A YouTube-shaped black hole eventually sucked me into Sleaford Mods when I stumbled upon their single “Jobseeker,” a song that perfectly describes the bleakness of unemployment. Asked if he'd like to find another reputable job, the protagonist responds:
Nah, I'd just end up fuckin' robbing the place.
You've got a till full of 20's staring at you all day.
Well, I'm hardly going to bank it.
I've got drugs to take, and a mind to break.
It was like working class poetry stripped to the bone and filtered through a blender of punk and hip-hop and I became an instant fan.
Formed in 2007 by frontman Jason Williamson and Simon Parfrement (replaced by Andrew Fearn in 2012), Sleaford Mods are a duo from Nottingham in the UK. Their music fell on deaf ears until 2014, when the brilliant Divide and Exit grabbed the attention of music critics and ended up on several “albums of the year” lists.
Their sound can't be pinned down by genre labels. The double entendres, humor, and depth of Williamson's lyrics can be likened to the skill and craft of a hip-hop MC, yet the anger with which he sings and shouts them are completely punk. At the same time the sparse instrumentals created by Andrew Fearn evokes shades of The Pet Shop Boys as well as the Wu-Tang Clan; together they have created a sound that is entirely their own.
On their recent E.P, T.C.R. you get a sense of what this duo is all about with songs referencing everyday life without being mundane and politics without being preachy. Take the track “Britain Thirst” for example which encapsulates the irrational paranoia of the right-wing masses:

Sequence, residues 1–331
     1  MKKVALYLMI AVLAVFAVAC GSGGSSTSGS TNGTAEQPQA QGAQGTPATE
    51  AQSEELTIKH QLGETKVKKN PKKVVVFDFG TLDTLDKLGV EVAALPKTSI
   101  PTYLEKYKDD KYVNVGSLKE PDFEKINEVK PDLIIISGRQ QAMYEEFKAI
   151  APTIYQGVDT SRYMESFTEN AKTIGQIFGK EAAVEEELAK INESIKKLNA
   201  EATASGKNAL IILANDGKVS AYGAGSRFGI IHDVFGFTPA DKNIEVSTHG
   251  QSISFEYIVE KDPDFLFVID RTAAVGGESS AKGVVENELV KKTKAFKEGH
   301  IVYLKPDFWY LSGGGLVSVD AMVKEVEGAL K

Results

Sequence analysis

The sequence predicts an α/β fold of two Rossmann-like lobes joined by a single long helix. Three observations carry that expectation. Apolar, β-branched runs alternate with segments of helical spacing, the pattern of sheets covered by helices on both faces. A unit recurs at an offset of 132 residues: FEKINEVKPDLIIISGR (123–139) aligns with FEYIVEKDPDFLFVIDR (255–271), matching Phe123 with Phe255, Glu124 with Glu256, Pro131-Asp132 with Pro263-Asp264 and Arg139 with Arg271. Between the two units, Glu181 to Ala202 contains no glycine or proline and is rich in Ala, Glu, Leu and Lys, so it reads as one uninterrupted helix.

They're gonna tie my hands,
tell me not to scream,
they're gonna take it off me.
Relentless touring, coupled with universally acclaimed albums such as 2015's Key Markets has gained Sleaford Mods a devoted fan base which has spilled over into the United States. Happily, these fans will get the chance to see them live on a six-date tour beginning in March 2017 in Brooklyn and moving on to Toronto, Chicago, Seattle, and San Francisco, before finishing up in Los Angeles.
It was like working class poetry stripped to the bone and filtered through a blender of punk and hip-hop...
Much like the music, their live set-up is raw and visceral: no live guitars, no backdrops just a microphone and a laptop loaded with instrumentals plugged into the speakers.
It's always an intriguing sight too, Andrew Fearn simply presses play on his laptop, cool as a cucumber, clutching a can of beer while Williamson rants over the music with a bestial wail convulsing with anger and tapping himself on the back of his head repeatedly as if he has developed a nervous tick to keep himself from exploding.
It’s a relentless onslaught of white-hot rage, soaked with equal amounts of sweat and passion. No matter how many times you see them, you will always leave a Sleaford Mods gig with the feeling that you have witnessed something special.